Off grid and thriving On a stunning lakeside sheep station, 100 kilometres from the nearest town, the Cocks family has made self-sufficiency into an art form.
“We are well, well, well off the grid here,” says wool grower Kate Cocks, whose family has owned Mt Nicholas Station since the 1970s.
From our vantage point on a rolling grassy hill, we can see out to Queenstown’s Lake Wakatipu and the jagged, snow capped mountains beyond. Down the other slope is a small wetland.“This was swamp land until it was dammed in the 1950s to provide electricity for the station. All our power is supplied by the hydro. We generate about 40 kilowatts of electricity from our hydro, which is enough to run the five houses on the station, plus the wool shed.”
In the 1980s, Kate’s parents saw there was a lot of native bird life around the lagoon and put the land into a trust so that it would always be preserved for the future. “We’ve got a lot of crested grebes, lots of little teals, black swans, craiks and various other migratory birds. We have fenced the wetland and control weeds around the perimeter. Some of the most enjoyable aspects about living here are the biodiversity that a property like this offers, and it’s fantastic to be preserving that and looking after it.”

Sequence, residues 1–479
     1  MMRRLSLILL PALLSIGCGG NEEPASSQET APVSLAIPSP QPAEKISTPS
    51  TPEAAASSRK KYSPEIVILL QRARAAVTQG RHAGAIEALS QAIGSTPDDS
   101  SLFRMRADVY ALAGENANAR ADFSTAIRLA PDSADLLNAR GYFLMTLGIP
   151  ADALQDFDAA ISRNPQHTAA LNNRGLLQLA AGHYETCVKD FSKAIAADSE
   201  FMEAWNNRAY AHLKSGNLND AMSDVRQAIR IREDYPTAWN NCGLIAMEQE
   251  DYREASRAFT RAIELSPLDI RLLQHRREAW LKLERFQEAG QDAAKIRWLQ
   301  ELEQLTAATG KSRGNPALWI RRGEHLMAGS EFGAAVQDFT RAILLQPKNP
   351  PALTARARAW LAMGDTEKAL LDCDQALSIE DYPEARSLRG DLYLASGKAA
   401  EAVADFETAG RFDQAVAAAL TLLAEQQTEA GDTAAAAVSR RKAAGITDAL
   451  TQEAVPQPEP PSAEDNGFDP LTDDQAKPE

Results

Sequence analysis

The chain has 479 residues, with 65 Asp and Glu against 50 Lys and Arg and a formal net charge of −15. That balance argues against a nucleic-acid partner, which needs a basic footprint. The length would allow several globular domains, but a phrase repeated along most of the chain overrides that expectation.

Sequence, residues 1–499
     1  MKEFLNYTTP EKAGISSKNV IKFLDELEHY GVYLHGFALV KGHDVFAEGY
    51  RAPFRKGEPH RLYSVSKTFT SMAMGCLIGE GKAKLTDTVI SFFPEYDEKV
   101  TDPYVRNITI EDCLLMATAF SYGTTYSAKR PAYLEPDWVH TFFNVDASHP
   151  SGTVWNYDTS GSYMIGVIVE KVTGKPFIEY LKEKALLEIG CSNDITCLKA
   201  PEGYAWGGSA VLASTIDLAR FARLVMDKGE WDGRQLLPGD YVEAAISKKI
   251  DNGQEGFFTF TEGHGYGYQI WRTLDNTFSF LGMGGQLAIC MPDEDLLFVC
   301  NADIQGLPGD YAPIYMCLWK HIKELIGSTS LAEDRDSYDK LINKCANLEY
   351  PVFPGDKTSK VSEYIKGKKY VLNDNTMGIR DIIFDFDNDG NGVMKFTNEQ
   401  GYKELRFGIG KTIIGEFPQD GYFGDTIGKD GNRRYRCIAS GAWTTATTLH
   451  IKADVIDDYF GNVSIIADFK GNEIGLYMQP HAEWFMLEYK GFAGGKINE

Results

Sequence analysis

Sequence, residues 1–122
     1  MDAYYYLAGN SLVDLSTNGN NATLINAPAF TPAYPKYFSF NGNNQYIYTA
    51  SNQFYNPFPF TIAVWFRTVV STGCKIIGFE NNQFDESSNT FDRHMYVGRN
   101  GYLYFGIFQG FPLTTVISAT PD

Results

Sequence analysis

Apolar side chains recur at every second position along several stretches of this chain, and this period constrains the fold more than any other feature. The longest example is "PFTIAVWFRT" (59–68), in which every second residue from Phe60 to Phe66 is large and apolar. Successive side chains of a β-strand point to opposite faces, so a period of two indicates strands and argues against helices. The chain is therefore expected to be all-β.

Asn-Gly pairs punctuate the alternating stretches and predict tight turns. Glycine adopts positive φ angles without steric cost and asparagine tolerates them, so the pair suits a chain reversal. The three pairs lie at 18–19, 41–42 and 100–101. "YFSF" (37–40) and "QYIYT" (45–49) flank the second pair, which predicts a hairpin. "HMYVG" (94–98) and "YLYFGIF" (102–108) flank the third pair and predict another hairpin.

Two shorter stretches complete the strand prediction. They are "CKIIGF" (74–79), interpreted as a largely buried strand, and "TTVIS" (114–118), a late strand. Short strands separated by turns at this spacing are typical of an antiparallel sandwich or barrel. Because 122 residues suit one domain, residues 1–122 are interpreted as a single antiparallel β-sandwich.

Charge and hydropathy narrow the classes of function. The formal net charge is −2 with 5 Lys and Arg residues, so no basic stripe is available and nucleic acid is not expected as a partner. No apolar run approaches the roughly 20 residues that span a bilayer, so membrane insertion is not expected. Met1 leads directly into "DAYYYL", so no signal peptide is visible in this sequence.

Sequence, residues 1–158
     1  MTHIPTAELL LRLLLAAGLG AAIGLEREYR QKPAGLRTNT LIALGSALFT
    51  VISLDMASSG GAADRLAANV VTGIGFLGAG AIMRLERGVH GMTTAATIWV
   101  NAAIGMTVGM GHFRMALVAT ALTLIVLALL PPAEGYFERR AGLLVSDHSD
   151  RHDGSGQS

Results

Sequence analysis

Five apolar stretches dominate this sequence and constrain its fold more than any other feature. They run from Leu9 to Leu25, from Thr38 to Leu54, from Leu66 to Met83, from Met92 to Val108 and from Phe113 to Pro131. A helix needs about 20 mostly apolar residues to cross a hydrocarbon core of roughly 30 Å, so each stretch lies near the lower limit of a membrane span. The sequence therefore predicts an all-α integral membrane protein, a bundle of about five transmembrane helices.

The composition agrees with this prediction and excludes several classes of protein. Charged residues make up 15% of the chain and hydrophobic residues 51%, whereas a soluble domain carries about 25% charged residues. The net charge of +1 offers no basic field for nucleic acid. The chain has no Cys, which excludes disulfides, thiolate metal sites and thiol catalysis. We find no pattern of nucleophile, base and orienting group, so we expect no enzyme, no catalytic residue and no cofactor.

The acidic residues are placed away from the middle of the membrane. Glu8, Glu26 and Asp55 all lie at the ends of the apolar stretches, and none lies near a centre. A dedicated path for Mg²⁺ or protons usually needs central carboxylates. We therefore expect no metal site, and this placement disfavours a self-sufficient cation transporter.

Mt Nicholas produces power, food and education. Kate and her husband Jack supervise the children in correspondence school. Their teacher is based in Dunedin and lessons are online or arrive by mail. The farm is also a classroom for Jess and Tom.
“I think it’s great being able to have kids out and about in nature. This is a fantastic place to grow up - there’s lots of fun, lots of adventure, lots of recreation opportunities. With my children growing up here now, it’s like being able to go through a second childhood.”
The farm grows much of its food. “It’s a long way to the supermarket, so we’ve got a massive organic veggie garden and a big orchard that was established in the early 1900s. When the kids were little, they could just go out and pull a carrot straight out and eat it.”
The farm also has a berry house and raises chickens and pigs for the food. “It involves quite a lot of skill - living and working in a place like this. And also a lot of patience at times. They’re beautiful places to live, but they’re not the easiest places to live either. I think being self-sufficient here, it’s a choice, but it’s also actually much more convenient as well.”
ZQRX wool growers not only produce the highest quality, most ethical wool in the world, they also work to give more than they take from the natural world, the animals living in that world, and the human communities interacting with it.
Growers use a new platform called the Regenerative Index (RX) to help them measure and improve how much they give back as they restore waterways, protect native species, offset carbon, and enhance local communities.
ZQRX wool is essentially a recipe for how we might produce and consume things in the future where products will not only change our lives for the better, they will change our entire world for the better by giving a little more than they take.